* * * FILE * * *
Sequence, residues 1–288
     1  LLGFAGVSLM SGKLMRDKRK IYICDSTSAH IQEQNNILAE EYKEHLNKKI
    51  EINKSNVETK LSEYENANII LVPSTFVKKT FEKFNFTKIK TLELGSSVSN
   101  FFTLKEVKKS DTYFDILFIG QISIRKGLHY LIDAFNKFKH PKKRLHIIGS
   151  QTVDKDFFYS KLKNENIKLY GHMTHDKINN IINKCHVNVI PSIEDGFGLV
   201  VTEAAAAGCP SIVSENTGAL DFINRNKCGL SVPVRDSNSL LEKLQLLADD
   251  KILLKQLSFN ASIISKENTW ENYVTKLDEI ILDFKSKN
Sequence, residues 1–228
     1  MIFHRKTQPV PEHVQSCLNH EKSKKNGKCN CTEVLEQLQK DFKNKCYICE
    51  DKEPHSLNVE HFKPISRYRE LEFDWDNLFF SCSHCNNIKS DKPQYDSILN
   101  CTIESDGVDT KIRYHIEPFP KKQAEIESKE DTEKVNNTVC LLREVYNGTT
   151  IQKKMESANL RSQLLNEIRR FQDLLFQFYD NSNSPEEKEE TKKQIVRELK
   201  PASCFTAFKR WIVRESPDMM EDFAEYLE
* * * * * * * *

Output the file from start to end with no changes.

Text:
Sequence, residues 1–288
     1  LLGFAGVSLM SGKLMRDKRK IYICDSTSAH IQEQNNILAE EYKEHLNKKI
    51  EINKSNVETK LSEYENANII LVPSTFVKKT FEKFNFTKIK TLELGSSVSN
   101  FFTLKEVKKS DTYFDILFIG QISIRKGLHY LIDAFNKFKH PKKRLHIIGS
   151  QTVDKDFFYS KLKNENIKLY GHMTHDKINN IINKCHVNVI PSIEDGFGLV
   201  VTEAAAAGCP SIVSENTGAL DFINRNKCGL SVPVRDSNSL LEKLQLLADD
   251  KILLKQLSFN ASIISKENTW ENYVTKLDEI ILDFKSKN
Sequence, residues 1–228
     1  MIFHRKTQPV PEHVQSCLNH EKSKKNGKCN CTEVLEQLQK DFKNKCYICE
    51  DKEPHSLNVE HFKPISRYRE LEFDWDNLFF SCSHCNNIKS DKPQYDSILN
   101  CTIESDGVDT KIRYHIEPFP KKQAEIESKE DTEKVNNTVC LLREVYNGTT
   151  IQKKMESANL RSQLLNEIRR FQDLLFQFYD NSNSPEEKEE TKKQIVRELK
   201  PASCFTAFKR WIVRESPDMM EDFAEYLE